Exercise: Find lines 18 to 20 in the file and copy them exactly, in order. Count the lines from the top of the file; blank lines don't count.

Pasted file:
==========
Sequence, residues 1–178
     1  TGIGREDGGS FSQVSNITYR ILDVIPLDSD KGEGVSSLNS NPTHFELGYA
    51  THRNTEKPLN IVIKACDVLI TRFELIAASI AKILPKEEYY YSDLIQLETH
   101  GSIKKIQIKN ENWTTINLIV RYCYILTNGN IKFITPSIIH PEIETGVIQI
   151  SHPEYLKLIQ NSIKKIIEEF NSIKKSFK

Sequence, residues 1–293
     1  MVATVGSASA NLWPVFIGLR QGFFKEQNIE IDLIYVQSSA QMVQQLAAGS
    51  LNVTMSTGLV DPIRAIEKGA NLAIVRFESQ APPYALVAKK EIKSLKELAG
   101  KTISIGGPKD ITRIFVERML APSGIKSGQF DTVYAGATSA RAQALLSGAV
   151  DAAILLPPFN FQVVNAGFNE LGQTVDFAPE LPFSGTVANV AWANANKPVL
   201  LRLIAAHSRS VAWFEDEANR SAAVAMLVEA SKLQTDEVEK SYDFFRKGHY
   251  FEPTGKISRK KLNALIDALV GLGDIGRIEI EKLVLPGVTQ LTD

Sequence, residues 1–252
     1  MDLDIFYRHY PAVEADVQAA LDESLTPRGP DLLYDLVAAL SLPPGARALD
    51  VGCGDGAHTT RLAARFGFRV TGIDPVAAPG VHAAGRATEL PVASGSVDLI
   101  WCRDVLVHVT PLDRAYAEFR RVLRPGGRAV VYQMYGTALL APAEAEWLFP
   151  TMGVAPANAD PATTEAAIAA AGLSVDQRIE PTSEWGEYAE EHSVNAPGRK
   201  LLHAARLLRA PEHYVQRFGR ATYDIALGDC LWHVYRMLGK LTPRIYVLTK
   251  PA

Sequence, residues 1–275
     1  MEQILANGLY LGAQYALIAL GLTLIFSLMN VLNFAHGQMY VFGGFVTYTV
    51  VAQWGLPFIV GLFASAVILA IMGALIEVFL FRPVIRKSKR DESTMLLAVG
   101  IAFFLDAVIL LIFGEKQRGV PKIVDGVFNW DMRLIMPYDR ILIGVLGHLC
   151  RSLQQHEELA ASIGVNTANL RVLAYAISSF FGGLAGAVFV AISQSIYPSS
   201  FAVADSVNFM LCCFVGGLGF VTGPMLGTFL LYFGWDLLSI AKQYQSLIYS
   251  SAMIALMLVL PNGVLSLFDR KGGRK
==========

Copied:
   201  LLHAARLLRA PEHYVQRFGR ATYDIALGDC LWHVYRMLGK LTPRIYVLTK
   251  PA

Sequence, residues 1–275